How Much Alone Time Is OK?
For my family, the amount of alone time my toddlers are OK with varies day to day. One day, I'll hardly see them before lunch, as they are keeping themselves busy with toys and superhero capes all morning. Other times, I am practically holding them all morning because they just crave closeness with me. Both are OK!
"There is no rule here; every child is different," Dr. Busman said. "One toddler can be happy and content looking at books or stacking cups and blocks for a while, when others may need more supervision or guidance. Set up a contained area within earshot, and check in frequently. Saying things like, 'Great job playing on your own,' is wonderful for reinforcing independent play."
Dr. Busman added that all humans (including toddlers) need connection and interaction, so make sure you are setting aside time throughout the day to play, sing, cuddle, and talk to your kids, as this is important for attachment, language, and social development. "Children and adults need one-on-one time to bond and also nurture the special relationship," she said. "Even when there are other demands like work and chores, parents should find five to 10 minutes throughout the day to play and interact with a toddler in an uninterrupted fashion. This special time is really helpful for the relationship."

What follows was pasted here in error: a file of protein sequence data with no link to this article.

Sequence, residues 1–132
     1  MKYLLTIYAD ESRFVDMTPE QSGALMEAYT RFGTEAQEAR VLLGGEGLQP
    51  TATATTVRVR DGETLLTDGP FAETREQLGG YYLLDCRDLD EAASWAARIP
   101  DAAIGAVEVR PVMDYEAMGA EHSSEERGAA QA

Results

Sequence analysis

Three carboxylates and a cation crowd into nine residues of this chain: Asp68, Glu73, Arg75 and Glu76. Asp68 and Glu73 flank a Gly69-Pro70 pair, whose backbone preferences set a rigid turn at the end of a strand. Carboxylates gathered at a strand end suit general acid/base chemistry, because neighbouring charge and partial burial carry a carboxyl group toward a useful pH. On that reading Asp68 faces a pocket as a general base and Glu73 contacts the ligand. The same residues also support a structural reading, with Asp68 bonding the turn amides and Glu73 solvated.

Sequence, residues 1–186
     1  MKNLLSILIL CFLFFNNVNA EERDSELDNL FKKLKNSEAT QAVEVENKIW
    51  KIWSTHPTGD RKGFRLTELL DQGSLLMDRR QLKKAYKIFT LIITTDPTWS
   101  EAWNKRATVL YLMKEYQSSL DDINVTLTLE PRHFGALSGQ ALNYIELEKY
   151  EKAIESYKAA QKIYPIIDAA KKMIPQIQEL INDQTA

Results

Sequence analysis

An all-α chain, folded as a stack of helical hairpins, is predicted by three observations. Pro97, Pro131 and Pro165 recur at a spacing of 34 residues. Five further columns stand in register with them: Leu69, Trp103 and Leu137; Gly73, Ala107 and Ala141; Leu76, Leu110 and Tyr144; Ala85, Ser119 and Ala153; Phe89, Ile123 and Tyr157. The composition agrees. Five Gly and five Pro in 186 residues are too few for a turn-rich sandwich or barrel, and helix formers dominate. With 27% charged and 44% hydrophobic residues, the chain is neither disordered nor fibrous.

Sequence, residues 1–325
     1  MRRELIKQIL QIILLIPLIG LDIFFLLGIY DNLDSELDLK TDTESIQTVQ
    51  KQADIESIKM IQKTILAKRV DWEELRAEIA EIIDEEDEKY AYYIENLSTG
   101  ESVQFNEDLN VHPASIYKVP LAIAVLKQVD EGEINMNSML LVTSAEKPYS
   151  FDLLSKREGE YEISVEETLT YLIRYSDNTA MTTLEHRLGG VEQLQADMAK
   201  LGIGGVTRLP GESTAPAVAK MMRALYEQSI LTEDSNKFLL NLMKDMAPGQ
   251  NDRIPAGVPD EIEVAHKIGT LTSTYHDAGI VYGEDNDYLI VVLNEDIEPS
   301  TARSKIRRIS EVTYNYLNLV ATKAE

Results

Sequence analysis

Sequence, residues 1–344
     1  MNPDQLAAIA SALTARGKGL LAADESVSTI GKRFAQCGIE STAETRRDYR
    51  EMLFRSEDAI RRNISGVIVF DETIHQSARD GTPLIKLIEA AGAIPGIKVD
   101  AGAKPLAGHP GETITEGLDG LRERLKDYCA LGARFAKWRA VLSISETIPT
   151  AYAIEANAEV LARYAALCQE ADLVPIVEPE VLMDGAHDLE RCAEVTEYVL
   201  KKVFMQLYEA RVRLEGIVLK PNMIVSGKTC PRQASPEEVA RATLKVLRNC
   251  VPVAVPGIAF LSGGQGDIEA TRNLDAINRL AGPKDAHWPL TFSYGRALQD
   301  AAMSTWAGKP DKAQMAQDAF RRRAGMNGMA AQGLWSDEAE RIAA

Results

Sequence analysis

Just like my mom always says, everything is OK with a balance! And full disclosure: while writing this article, my toddlers scattered toys all over the living room, had to go to timeout once, had to take one potty break, asked for 500 different snacks, climbed on my lap, and convinced me to take a break and play outside with them. Being a working mom is hard, but it is possible — and so rewarding!